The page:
Contemplation Piece


This is a recording of the dance portion of the performance. The original piece was composed and performed in quad. The choreography was meant to coincide with the "physical" placement and motion of the sounds.


In the mid 70s, performance art was yet to be accepted as a valid art form. Critics still had to set themselves up to the "job" of defining what was and what was not "performance art..." to categorizing and separating it away from the other mediums...to dictating what elements a piece had to incorporate so that it was performance art and not theater...or dance...bla, bla, bla.

Instead, they wrote about how they experienced the pieces and they made judgments that had to do with the substance of the pieces and not perfunctory academics. There were no rules (that anyone was taking seriously) and it was all wide open. To me, this is the most fertile time for any medium. Once something starts getting officially defined, the sense of prolific growth, discovery and invention decrease proportionally.


Back then, electronic music had a sound all it's own, and was not expected to emulate "real" instruments. The Moog synthesizer was the instrument, and quad sound could immerse an audience in an auditory environment more than ever before.


With "Contemplation Piece," I was trying to make the Chinese Yin Yang symbol of unity and duality, a four dimensional experience. Using movement, circling sound, lighting, costuming, and audience involvement, the intent was to immerse the audience in this very abstract experience, and somehow come away with the essence of the symbol. My brother, Daniel was my dance partner, my mother, Corazon made the costumes, and electronic music composer, Ed Zaida and I composed the electronic music and he performed it live during the performance.


THE NEW ART EXAMINER, (March 1977)
PERFORMANCE REVIEWS
ARTURO AND DANIEL CUBACUB
(Gallery 1134, Jan. 21, 1977)

Generally performances possess so little substance that they substitute audience intimidation for audience appeal. The aggressive monotony, repetitiveness, and unnecessary length of many pieces put viewers on the defensive. Feeling that anything that long and that boring must be intentionally so, the audience is duped into an excruciatingly strained intellectual groping in search of the artist's obscure rationale.


The Cubacubs' performance was not of this type. It lasts in the mind and emotions precisely because of its discreet duration and evocativeness.


At 7:30 sharp, the audience was confined around a 16' by 16' rectangle taped on the floor, the lights went out, the rectangle glowed fluorescent blue, the audience sighed, and the electronic music began. Two well-paced and inventive compositions by Ed Zajda created a mood for the ensuing action somewhere between science fiction and mysticism.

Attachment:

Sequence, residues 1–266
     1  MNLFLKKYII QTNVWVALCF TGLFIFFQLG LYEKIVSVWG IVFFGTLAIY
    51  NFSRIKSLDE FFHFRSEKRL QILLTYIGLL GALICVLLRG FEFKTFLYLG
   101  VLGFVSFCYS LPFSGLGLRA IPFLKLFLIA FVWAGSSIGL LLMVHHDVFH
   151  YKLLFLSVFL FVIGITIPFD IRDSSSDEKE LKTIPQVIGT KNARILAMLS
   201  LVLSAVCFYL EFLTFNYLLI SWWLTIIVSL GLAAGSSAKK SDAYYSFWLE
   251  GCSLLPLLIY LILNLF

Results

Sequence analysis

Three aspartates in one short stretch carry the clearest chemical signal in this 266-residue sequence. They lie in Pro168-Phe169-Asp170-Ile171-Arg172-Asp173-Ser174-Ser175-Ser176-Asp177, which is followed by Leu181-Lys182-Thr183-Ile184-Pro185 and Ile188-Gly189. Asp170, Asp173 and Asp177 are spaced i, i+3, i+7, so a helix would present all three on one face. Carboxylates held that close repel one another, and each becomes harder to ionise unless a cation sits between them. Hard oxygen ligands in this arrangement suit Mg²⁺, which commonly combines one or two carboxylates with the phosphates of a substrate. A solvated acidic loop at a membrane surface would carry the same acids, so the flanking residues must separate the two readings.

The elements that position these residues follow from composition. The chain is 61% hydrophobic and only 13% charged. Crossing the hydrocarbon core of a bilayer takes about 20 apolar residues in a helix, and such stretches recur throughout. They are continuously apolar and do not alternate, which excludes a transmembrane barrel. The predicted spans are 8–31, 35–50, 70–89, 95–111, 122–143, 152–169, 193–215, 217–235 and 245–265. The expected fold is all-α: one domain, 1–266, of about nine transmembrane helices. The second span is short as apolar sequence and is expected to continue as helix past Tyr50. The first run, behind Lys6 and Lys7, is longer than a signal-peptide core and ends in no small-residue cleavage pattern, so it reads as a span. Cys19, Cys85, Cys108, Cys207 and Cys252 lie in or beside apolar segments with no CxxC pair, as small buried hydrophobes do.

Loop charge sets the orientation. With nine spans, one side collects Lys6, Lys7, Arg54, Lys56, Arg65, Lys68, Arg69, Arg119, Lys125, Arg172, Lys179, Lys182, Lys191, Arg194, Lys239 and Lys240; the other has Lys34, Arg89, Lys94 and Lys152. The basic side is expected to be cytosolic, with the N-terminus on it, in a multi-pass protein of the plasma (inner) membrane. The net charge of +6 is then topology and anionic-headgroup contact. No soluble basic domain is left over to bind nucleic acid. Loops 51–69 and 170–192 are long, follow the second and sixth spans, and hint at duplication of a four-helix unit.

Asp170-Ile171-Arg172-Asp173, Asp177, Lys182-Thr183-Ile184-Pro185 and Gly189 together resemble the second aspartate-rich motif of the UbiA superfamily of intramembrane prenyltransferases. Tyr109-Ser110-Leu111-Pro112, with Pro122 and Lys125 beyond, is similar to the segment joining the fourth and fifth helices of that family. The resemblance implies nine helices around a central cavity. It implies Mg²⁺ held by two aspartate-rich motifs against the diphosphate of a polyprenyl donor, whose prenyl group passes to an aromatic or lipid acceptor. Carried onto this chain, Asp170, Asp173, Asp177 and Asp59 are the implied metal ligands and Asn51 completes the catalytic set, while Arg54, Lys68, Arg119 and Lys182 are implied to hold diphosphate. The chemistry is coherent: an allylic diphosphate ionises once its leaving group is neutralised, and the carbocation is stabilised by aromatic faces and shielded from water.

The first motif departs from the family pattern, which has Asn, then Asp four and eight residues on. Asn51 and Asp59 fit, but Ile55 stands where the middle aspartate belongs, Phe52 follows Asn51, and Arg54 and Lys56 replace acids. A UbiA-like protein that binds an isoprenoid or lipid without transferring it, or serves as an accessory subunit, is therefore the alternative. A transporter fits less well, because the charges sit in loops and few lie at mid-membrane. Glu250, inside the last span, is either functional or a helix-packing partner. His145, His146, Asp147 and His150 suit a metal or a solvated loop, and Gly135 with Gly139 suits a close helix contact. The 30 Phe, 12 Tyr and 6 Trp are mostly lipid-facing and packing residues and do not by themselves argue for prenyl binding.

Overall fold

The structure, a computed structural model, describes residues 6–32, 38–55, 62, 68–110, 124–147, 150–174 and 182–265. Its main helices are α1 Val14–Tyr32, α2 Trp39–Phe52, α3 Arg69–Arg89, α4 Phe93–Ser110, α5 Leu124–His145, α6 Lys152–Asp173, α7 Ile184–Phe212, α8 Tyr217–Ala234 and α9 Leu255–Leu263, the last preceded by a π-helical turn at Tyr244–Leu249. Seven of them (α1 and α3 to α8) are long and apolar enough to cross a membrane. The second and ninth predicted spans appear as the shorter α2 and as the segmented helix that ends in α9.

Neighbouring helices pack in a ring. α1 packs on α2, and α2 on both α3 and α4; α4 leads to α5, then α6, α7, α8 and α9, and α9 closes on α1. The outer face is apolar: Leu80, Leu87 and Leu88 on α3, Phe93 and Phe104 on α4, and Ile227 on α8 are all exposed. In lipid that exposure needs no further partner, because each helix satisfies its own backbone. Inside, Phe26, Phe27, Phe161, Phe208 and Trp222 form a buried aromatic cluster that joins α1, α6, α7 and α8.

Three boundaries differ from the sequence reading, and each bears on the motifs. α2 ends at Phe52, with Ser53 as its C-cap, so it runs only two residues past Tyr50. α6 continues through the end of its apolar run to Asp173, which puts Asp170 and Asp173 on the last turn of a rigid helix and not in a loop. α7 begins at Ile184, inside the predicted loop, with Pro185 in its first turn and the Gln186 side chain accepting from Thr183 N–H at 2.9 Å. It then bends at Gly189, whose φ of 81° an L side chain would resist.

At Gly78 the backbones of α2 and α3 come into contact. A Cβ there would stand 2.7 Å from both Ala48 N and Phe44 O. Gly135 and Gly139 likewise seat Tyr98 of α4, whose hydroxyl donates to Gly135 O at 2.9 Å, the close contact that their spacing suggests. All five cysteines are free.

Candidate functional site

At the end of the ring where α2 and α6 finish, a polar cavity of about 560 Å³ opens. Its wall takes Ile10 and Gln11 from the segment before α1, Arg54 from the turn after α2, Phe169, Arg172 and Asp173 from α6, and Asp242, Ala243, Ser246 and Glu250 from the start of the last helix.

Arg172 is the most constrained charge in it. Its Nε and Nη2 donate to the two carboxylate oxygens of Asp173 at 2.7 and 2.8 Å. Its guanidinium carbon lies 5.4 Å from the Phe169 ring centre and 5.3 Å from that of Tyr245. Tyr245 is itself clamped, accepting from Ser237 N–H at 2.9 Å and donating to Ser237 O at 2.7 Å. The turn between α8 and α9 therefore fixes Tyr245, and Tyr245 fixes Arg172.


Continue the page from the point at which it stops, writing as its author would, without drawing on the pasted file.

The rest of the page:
At the music's conclusion the sound of breathing resonantly saturated the performance area and the artist's voice requested the audience to syncopate their breathing with what they were hearing. His other entreaties were to breathe deeply, slow down your pulse rate and relax into a meditatively receptive state. These participatory procedures, prerequisites for eliciting the, kind of rapt individual attentiveness his brief performance would require were also meant to enhance the feeling of collective awareness and response.


The piece began as two male figures, clad in almost identical black and white costumes moved toward center stage. Each performer was two-faced, one being his own, and the other a moronic, malevolent mask over the back of his head. Thus each performer was endowed with a thuggish Siamese twin on his flip side. These two (four) flickering figures interacted in a ritualized combative dance indebted to oriental martial arts.


The rapidity of the strobe-light flashing incessantly plunged them in and out of darkness. This blackness also obliterated the logical movements in their "dance" sequences. Both performers seemed to glide, float, or be tossed from place, to space, to place. Attention was riveted to their actions by the mordant yet dazzling effects of the visual elements and also by the apprehension that the appearing, disappearing, reappearing figures might be completely annihilated by the obliterating "black holes" between the flashes.


The theme of duplicity, of good versus evil, or good behind evil, or evil behind good was reiterated by each of the components of this evocative and compelling performance.

- Raye Bemis Mitchell


RETURN TO THE ART GALLERY
Arturo's Room
Copyright ©1995 Arturo Cubacub